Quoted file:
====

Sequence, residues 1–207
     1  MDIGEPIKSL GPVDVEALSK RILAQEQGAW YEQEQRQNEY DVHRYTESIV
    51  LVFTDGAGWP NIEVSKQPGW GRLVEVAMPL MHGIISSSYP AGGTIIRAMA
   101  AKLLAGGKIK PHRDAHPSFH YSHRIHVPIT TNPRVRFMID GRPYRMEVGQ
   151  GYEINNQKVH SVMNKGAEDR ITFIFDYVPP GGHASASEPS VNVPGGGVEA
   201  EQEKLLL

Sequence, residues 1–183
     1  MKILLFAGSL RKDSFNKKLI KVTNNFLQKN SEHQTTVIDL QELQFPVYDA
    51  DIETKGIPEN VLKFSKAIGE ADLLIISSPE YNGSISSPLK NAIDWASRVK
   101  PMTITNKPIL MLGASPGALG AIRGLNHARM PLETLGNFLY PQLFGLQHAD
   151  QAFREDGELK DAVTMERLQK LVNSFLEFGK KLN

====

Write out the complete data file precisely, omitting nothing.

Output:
Sequence, residues 1–207
     1  MDIGEPIKSL GPVDVEALSK RILAQEQGAW YEQEQRQNEY DVHRYTESIV
    51  LVFTDGAGWP NIEVSKQPGW GRLVEVAMPL MHGIISSSYP AGGTIIRAMA
   101  AKLLAGGKIK PHRDAHPSFH YSHRIHVPIT TNPRVRFMID GRPYRMEVGQ
   151  GYEINNQKVH SVMNKGAEDR ITFIFDYVPP GGHASASEPS VNVPGGGVEA
   201  EQEKLLL

Sequence, residues 1–183
     1  MKILLFAGSL RKDSFNKKLI KVTNNFLQKN SEHQTTVIDL QELQFPVYDA
    51  DIETKGIPEN VLKFSKAIGE ADLLIISSPE YNGSISSPLK NAIDWASRVK
   101  PMTITNKPIL MLGASPGALG AIRGLNHARM PLETLGNFLY PQLFGLQHAD
   151  QAFREDGELK DAVTMERLQK LVNSFLEFGK KLN